Since I have been home schooling for a while now, I recall one of the first questions people ask me is how do my kids socialize. Are they hermits who never get to see another human face other than mine and our family members? Do my kids have friends? We all have grown accustomed to these bizarre questions; but now I think we need to take a closer look at what to be social actually means.
Social-SO”CIAL,a. [L. socialis, from socius, companion.] 2. Ready or disposed to mix in friendly converse; companionable.
So you see if you are asking me whether my home taught kids can actually relate to other people my answer would be of course they can! My kids attend weekly dance lessons where they meet other children; my son takes guitar lessons as well. We also attend church on a regular basis and they have made friends there as well. The neighborhood we live in has plenty of children too and usually my home is full of kids because they all come over to our house after they get out of school.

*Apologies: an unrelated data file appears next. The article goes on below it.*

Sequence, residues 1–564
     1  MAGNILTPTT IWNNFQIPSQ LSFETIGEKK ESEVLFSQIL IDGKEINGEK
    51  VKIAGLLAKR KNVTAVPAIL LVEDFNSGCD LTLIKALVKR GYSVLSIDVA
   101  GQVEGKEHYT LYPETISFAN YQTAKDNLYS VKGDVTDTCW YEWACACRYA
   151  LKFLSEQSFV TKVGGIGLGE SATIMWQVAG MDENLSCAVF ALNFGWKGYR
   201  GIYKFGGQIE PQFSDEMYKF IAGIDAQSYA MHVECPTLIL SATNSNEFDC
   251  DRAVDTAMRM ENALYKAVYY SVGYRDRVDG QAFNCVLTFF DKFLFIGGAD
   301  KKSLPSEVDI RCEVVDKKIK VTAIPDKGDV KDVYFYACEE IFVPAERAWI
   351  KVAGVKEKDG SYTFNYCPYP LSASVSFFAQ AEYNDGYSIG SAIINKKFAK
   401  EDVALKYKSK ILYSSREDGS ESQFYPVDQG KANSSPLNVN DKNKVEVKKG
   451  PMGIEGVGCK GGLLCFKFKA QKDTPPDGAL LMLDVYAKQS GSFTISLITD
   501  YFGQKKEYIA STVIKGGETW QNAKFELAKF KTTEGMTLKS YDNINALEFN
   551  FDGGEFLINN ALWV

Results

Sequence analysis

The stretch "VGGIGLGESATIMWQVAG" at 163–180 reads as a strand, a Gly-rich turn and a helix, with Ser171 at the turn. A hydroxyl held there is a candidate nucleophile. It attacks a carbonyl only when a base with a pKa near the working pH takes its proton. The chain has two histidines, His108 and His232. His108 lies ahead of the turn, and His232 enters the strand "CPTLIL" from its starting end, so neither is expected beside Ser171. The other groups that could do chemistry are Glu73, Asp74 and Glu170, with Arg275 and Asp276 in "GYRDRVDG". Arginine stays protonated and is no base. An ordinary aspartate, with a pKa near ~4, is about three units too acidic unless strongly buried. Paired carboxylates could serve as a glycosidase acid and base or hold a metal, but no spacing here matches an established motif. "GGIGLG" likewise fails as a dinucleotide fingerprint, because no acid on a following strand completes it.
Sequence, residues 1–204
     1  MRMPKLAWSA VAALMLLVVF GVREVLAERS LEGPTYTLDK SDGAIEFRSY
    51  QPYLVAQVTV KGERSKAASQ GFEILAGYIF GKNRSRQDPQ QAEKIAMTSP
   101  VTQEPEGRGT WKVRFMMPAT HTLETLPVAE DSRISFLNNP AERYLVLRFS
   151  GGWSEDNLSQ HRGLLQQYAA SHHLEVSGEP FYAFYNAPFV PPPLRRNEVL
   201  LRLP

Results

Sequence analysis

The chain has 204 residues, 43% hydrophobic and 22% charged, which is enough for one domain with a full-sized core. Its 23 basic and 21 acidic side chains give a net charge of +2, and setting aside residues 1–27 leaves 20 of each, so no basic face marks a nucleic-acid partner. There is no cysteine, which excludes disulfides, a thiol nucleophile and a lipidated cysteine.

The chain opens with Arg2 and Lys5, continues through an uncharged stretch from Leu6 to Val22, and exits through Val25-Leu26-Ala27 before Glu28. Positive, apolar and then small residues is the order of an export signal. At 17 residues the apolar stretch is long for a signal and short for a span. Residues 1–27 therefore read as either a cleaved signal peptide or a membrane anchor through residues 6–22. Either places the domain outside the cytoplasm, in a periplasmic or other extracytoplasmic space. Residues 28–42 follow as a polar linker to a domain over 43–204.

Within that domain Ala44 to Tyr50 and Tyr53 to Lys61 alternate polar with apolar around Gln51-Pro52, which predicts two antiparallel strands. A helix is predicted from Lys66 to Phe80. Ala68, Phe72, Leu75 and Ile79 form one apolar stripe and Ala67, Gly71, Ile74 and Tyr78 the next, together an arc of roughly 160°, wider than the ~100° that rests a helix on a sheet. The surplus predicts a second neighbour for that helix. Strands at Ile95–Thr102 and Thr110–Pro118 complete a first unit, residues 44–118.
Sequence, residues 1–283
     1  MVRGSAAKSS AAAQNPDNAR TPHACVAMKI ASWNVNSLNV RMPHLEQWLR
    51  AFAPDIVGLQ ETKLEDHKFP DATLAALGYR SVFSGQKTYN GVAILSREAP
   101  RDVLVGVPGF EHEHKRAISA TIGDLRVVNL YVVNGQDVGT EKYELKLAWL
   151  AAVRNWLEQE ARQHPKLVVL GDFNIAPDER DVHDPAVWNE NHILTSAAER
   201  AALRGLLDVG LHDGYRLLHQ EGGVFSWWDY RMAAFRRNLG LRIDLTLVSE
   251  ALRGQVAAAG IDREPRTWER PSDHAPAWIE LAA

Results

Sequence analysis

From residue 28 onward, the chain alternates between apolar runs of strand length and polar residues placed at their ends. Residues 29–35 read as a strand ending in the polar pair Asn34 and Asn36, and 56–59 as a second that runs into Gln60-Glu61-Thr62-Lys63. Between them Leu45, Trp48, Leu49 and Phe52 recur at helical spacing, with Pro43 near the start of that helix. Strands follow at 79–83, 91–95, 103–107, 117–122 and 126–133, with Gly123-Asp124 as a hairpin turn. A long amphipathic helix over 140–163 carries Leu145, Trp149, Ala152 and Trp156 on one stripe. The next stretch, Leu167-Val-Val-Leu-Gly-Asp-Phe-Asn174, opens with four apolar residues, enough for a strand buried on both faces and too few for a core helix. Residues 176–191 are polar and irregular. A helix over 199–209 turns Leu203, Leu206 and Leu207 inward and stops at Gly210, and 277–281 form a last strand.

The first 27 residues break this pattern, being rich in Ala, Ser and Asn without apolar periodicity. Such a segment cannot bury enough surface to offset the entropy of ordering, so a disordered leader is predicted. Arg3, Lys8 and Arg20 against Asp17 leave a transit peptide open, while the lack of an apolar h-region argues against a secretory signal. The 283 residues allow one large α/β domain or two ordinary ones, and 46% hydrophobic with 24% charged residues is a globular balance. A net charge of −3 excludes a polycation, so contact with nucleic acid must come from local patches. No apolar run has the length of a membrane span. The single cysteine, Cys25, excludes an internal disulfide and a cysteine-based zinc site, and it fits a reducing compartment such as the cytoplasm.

One very interesting aspect of most of the home schooled children I’ve met is that they relate well with people of all age groups; this is quite unlike their public school counter parts who behave shyly or completely disregard adults.My husband and I have a theory that what happens to children when they go to school transfers to their world outside the classroom. Public school kids are all separated by age, therefore they learn to relate to just their peers for 8 hours of their day. Real life is not that way though; in reality we all run across all kinds of people from all age groups and I believe home schooling prepares kids to be well rounded individual because they are in constant contact with people of different age groups.
I’ll leave you with this quote:” The first quality of a good education is good manners-and some people flunk the course. Hubert Humphrey